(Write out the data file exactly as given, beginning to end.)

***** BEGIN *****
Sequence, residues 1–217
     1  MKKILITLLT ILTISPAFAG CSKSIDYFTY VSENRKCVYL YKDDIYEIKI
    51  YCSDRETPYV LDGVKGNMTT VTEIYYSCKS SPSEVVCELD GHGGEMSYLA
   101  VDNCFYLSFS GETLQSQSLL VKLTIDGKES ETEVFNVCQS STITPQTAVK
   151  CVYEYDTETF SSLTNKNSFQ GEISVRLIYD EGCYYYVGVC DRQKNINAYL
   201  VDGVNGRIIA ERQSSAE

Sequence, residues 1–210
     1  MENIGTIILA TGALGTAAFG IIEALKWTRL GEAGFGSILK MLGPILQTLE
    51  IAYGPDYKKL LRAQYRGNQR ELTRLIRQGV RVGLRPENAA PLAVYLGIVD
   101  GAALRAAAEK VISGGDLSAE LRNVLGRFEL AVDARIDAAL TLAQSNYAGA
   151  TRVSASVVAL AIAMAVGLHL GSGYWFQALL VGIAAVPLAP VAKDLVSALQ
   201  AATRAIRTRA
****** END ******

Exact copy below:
Sequence, residues 1–217
     1  MKKILITLLT ILTISPAFAG CSKSIDYFTY VSENRKCVYL YKDDIYEIKI
    51  YCSDRETPYV LDGVKGNMTT VTEIYYSCKS SPSEVVCELD GHGGEMSYLA
   101  VDNCFYLSFS GETLQSQSLL VKLTIDGKES ETEVFNVCQS STITPQTAVK
   151  CVYEYDTETF SSLTNKNSFQ GEISVRLIYD EGCYYYVGVC DRQKNINAYL
   201  VDGVNGRIIA ERQSSAE

Sequence, residues 1–210
     1  MENIGTIILA TGALGTAAFG IIEALKWTRL GEAGFGSILK MLGPILQTLE
    51  IAYGPDYKKL LRAQYRGNQR ELTRLIRQGV RVGLRPENAA PLAVYLGIVD
   101  GAALRAAAEK VISGGDLSAE LRNVLGRFEL AVDARIDAAL TLAQSNYAGA
   151  TRVSASVVAL AIAMAVGLHL GSGYWFQALL VGIAAVPLAP VAKDLVSALQ
   201  AATRAIRTRA